‘The findings presented here demonstrate that the subjective experience of pain can only be understood in a larger framework of body representations and peripersonal space.’
See previous blog: https://painisreallystrange.wordpress.com/2015/04/18/altered-perceived-body-image-is-associated-with-chronic-pain/
Orienting to your body
An extremely useful skill is to learn to perceive the whole of your body. This is not a given. Close your eyes right now – how big or small do your feet feel? Are you sure they feel really clear and present?
Keep practicing your subjective experience of simple things such as the size, shape and weight. It may take a while until these qualities becomes easily available. Try to work through the Weight-Outline-Skin-Inside ‘WOSI’ sequence below.
Can you really inhabit the whole of your body space? The boundary of the skin helps differentiate who we are. Our skin is a transition place between me and not me. We can engage with the skin as an outpost of the nervous system. It is a very powerful to come into relationship with your skin and take up occupancy in the whole space of your body.
Frequently there will be bits missing in our awareness: ‘My feel feel really small and far away’, ‘One leg is heavier and bigger’, ‘My abdomen feels absent and empty’, ‘I am floating’, ‘I think it feels ok’.
The last one is always a challenge. You think you have a body? You are the expert on what it feels like to be you. Try to make definitive statements, generally simple descriptive words work best. What is the difference between knowing you have a body and thinking?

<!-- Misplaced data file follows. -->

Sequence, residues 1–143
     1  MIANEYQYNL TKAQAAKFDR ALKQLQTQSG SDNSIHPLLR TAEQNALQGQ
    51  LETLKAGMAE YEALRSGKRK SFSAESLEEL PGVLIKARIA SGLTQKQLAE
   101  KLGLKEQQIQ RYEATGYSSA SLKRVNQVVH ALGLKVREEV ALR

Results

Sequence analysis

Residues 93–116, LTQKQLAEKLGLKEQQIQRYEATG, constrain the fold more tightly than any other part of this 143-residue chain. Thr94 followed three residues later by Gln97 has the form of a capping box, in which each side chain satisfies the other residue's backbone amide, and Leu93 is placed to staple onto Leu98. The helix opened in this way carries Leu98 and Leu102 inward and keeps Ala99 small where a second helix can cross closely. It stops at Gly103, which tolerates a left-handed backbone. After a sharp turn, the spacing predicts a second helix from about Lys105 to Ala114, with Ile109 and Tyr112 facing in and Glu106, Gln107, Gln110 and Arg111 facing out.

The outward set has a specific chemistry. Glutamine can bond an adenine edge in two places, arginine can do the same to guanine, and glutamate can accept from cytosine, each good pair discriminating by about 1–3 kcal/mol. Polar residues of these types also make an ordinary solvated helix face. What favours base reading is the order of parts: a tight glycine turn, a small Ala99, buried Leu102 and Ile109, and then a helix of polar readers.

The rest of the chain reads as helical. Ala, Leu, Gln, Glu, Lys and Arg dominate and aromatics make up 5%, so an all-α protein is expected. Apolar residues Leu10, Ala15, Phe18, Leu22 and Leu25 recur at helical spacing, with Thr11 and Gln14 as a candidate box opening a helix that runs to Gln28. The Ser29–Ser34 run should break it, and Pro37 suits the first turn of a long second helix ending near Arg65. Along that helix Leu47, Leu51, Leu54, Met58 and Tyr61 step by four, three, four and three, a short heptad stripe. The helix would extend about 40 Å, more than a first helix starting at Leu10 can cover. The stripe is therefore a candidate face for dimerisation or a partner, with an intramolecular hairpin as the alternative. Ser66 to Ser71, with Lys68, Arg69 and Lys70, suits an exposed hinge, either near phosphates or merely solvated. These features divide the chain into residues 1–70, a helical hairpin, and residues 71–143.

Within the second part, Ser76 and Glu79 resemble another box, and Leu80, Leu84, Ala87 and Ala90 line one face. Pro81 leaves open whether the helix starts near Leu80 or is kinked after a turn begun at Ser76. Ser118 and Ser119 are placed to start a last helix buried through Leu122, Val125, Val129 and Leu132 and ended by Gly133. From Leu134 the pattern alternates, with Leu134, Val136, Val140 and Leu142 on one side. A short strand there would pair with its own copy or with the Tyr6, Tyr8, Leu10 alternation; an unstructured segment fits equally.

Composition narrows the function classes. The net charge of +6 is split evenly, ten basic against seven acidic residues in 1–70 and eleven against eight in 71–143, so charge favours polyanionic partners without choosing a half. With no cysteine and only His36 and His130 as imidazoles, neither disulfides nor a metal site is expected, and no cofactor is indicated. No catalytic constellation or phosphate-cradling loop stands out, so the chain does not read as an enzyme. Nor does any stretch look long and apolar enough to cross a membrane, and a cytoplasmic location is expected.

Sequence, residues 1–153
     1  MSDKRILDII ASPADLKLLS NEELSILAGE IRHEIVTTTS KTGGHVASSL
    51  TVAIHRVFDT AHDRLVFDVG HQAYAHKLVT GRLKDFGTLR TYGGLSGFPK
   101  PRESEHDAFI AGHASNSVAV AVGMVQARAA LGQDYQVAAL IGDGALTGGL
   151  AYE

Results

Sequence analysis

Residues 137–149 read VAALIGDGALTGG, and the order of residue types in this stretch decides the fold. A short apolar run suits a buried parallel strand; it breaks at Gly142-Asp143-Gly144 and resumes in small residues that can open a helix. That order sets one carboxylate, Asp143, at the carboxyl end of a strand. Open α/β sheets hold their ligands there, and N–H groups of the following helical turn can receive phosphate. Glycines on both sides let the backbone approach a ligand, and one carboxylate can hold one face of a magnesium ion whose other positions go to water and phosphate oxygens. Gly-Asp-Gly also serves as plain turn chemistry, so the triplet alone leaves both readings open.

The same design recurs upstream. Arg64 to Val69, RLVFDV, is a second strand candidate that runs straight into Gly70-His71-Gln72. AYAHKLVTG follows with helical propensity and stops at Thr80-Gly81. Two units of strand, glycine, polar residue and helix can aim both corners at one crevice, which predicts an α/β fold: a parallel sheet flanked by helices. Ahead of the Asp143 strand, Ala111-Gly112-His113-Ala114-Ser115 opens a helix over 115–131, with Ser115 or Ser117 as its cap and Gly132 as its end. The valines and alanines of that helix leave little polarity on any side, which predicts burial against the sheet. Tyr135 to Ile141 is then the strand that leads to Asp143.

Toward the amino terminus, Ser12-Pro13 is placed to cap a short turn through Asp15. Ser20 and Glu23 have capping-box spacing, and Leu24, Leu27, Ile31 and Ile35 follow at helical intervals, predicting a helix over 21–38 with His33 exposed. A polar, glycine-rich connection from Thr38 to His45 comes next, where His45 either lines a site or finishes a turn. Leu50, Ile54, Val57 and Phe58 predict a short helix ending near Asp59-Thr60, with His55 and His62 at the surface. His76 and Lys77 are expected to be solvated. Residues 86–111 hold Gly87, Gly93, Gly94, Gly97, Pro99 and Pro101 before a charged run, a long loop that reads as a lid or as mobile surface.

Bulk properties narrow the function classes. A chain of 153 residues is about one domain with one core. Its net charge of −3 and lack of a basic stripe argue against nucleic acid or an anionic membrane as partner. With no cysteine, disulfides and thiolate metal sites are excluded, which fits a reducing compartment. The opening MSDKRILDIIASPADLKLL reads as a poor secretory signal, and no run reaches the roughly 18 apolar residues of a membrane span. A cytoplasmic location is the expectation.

Commit to what you perceive, let yourself use metaphors (‘fluffy white rabbits’ was one memorable description) and swap the verb from thinking to feeling. Feeling is such a wonderful word in that it speaks of sensation but also emotional tone. Let both be present in your awareness. What is your response to feeling the nuances of your body? It can be intense, so go slowly, but do keep trying.
If your map of your body is inaccurate it will be very hard for your brain to control your body. This is the root of many pain conditions.
How is your brain mapping out your body? WOSI
Below are some sample questions that can help you draw out your sense of your body. Initially it can be useful to go through them as a sequence when lying down and using the mnemonic WOSI; Weight, Outline, Skin, Inside. With more experience you can be much more flexible. Often the simple question ‘how does x compare to y’ can open up a realisation of an incomplete mapping of the body.
‘How does the weight of your body feel?’
‘Do your shoulder blades, hips, knees and ankles feel even?’
‘Can you feel the outline of your body, the silhouette it makes?’
‘Does the outline feel the same from the inside with your eyes closed as it would if you were looking at your body or touching it?’
‘How close or far away are your hands and feet. Check they are not too big too small or too close or too far away?’
‘Can you feel your skin as a clear boundary between the inside and the outside?’
‘Does your skin feel sharply defined and easy to contact or is it a bit blurry or amorphous?’
‘How does the inside of your body feel?’
‘Does the inside of your body feel full, flowing, alive or are there bits that feel empty, fixed, numb or hard to contact?’